Maybe it's not my turn to grapple with this anymore

20 years ago, I was grappling with the concept of purity. Whether the worth of myself as a human woman was determined by what happened between my legs.

15 years ago, I was grappling with the concept of adult platonic friendships. Whether these kinds of things could exist and if it was my fault I could only be thought of as a sexual object, someone only worth getting to know if there was a chance I’d be their girlfriend.

10 years ago, I was grappling with the concept of what consent looks like. Whether doing certain things like being in certain rooms or letting someone foot a bill or getting drunk or making out with someone automatically meant I wanted/deserved whatever happened next.

Just these past five years, I’ve been grappling with how much support I owe men. Whether I should still play nice when they make a sexist joke/say something dismissive to the female experience, because at least this one is one of the “good” ones. It’s one of the gentlemen who Don’t Go Around Grabbing Asses. Goodness knows, if I challenge them, what if that’s the push they needed to cross over into REAL misogyny? Wouldn't I be at fault for not gently guiding them to become feminists?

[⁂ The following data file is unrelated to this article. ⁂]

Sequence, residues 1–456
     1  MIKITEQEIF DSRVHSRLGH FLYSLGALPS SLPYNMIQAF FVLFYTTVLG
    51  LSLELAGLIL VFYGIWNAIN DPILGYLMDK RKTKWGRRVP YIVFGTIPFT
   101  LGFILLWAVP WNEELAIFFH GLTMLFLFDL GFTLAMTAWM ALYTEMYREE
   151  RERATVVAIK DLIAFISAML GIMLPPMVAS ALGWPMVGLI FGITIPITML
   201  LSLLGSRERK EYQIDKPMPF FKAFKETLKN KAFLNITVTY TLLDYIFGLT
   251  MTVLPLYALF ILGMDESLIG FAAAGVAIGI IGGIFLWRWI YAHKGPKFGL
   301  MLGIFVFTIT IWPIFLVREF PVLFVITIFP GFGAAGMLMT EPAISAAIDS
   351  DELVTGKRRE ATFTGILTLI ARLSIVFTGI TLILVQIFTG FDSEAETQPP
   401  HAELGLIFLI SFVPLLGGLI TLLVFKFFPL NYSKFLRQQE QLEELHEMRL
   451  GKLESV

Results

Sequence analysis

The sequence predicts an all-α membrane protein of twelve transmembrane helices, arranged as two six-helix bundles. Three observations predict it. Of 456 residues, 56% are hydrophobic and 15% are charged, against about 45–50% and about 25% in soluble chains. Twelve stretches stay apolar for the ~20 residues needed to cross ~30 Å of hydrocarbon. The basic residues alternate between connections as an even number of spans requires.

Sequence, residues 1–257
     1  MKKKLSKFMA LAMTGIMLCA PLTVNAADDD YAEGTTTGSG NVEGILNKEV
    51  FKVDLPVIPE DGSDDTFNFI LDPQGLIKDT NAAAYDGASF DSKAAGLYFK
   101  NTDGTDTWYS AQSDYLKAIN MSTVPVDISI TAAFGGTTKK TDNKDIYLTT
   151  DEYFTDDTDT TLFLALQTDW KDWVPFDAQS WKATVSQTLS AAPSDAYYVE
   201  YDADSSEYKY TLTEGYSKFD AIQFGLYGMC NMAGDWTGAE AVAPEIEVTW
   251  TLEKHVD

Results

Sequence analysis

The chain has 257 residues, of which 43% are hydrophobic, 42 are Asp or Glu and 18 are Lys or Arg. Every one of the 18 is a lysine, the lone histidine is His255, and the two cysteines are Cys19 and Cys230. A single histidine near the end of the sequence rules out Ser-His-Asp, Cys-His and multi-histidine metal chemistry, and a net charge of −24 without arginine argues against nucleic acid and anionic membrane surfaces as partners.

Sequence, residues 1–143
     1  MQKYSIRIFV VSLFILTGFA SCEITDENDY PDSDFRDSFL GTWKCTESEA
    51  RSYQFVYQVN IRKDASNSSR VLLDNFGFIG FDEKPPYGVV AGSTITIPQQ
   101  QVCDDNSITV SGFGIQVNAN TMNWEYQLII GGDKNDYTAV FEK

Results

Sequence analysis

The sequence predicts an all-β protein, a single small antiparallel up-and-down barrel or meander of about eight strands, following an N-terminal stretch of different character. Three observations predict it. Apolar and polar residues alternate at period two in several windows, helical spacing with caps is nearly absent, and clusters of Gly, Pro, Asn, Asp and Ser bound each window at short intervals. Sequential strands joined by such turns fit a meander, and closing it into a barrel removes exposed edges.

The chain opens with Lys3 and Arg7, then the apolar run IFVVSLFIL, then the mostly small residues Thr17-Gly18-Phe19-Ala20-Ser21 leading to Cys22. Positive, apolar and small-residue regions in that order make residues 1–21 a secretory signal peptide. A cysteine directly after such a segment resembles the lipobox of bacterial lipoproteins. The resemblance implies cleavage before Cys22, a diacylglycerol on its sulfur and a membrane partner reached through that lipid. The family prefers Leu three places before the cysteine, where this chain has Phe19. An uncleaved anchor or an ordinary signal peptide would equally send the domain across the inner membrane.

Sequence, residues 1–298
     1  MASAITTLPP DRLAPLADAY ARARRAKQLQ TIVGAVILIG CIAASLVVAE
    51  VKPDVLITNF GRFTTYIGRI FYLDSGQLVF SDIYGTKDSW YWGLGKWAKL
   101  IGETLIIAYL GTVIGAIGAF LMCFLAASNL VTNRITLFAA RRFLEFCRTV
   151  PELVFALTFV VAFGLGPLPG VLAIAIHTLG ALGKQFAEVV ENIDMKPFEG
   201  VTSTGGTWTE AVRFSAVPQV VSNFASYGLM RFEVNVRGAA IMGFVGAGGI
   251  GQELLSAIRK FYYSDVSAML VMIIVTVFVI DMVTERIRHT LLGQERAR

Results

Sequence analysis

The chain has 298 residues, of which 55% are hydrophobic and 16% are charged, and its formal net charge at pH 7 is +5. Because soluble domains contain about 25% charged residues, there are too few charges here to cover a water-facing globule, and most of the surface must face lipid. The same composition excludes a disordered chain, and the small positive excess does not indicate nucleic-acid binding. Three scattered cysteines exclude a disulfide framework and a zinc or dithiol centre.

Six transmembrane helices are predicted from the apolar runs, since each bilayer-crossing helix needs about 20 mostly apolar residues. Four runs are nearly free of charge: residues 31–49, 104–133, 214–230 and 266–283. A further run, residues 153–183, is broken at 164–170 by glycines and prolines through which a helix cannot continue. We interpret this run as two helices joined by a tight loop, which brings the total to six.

And even now - when I tell myself that I’m fine being out there, playing the field, with a bunch of great guy friends, all of whom know that No Means No and actually listen to me when I occasionally get into Feminist Lecture mode - sometimes a bad swerve will pile-drive me into self-doubt and force me to grapple with all of those positions again.

So I get why some of you are having trouble with this new thing to grapple with.

But you know what?

I really look forward to the day when all the guys I meet, at the baseline, know that “slut” is a misogynist social construct, that we can become good friends even if we’re both heterosexual, that a woman has the right to deny sex at any point in a courtship, that if they go all Red Pill when I call them out it’s on them…

…and that they ought to learn (and, more importantly, care) what “non-verbal cues” look like.